Observation of energy-time dispersed ion structures in the magnetosheath by CLUSTER: possible signatures of transient acceleration processes at shock
Abstract. We analyse energy-time dispersed ion signatures that have been observed by CLUSTER in the dayside magnetosheath. These events are characterized by sudden increases in the ion flux at energies larger than 10 keV. The high energy ions (30 keV) are first detected, with the transition to the low energy ions (5 keV) lasting about 100 s. These injections are often associated with transient plasma structures of a few minutes in duration, characterized by a hotter, less dense plasma and a diverted flow velocity, thus presenting similarities with "hot flow anomalies". They also involve modifications of the magnetic field direction, suggesting that the shock interacts with a solar wind discontinuity at the time of the event. The injections can originate from the magnetosphere or the shock region. Studying in detail a particular event, we discuss this last hypothesis. We show that the observed energy/time dispersion can be explained by combining a time-of-flight effect with a drift of the source of energetic particles along the shock. We propose that the acceleration results from a Fermi process linked to the interaction of the discontinuity with a quasi-perpendicular shock. This model explains the observed pitch-angle selection of the accelerated particles. The Fermi process acting on the beam of ions reflected from the shock appears to be sufficiently efficient to accelerate over short time scales (less than 30 s) particles at energies above 30 keV.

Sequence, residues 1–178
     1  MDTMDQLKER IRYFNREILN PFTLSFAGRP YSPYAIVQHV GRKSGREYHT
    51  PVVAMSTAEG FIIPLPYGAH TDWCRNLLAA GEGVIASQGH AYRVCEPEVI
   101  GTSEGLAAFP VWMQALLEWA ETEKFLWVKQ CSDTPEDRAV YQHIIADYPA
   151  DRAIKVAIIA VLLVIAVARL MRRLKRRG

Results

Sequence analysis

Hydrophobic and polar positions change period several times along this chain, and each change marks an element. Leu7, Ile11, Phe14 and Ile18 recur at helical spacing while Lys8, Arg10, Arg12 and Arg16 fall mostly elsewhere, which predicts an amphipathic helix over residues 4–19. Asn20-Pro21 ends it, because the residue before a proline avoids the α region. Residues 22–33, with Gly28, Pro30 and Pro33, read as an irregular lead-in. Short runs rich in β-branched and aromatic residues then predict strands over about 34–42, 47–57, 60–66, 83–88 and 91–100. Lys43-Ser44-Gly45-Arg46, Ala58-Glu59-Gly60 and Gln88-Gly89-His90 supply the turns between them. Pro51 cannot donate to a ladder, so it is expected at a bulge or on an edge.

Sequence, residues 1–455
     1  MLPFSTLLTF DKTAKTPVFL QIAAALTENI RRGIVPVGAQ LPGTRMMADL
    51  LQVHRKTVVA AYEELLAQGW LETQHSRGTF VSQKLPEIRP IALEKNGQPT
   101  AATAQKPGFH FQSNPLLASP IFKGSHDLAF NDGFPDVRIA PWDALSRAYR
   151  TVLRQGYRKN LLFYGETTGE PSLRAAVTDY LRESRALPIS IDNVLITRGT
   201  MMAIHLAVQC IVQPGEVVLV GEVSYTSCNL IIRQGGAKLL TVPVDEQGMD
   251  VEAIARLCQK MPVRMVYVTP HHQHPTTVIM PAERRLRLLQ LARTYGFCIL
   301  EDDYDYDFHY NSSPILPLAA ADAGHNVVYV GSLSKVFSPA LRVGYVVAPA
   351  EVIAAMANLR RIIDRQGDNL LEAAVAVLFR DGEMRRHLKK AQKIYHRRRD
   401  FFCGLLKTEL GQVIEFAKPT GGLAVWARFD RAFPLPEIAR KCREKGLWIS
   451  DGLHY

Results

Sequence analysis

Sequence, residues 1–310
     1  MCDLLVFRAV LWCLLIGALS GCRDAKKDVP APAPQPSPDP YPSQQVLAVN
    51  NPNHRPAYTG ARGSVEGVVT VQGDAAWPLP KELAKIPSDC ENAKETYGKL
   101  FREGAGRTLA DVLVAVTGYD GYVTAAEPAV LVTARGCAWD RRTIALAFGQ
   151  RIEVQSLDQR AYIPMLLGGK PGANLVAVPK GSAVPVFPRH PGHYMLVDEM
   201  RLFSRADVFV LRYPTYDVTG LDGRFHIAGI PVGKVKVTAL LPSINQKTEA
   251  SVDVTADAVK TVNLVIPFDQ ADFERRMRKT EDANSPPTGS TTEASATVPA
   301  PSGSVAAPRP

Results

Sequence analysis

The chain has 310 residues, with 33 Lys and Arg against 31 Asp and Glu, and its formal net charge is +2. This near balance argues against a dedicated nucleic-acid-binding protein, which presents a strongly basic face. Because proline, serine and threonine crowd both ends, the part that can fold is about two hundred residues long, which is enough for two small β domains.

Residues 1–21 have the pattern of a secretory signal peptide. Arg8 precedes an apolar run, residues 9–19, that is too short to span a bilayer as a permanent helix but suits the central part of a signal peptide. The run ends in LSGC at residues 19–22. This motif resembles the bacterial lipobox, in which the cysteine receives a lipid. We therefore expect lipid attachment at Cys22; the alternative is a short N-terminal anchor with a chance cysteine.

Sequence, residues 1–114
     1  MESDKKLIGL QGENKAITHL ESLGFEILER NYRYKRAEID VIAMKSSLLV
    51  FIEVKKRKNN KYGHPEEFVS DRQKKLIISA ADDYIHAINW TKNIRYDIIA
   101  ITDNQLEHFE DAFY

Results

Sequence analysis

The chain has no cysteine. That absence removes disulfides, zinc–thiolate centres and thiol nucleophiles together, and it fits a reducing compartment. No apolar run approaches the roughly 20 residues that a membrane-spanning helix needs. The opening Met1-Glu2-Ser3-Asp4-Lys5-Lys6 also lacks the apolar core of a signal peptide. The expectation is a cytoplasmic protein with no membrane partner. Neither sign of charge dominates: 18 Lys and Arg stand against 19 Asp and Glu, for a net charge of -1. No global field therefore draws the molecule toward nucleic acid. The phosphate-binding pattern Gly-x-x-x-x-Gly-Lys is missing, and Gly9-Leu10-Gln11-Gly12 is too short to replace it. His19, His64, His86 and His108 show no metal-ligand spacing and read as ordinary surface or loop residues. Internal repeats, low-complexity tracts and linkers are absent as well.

Key words. Magnetospheric physics (solar-wind-magnetosphere interaction; magnetosheath) – Space plasma physics (shock waves)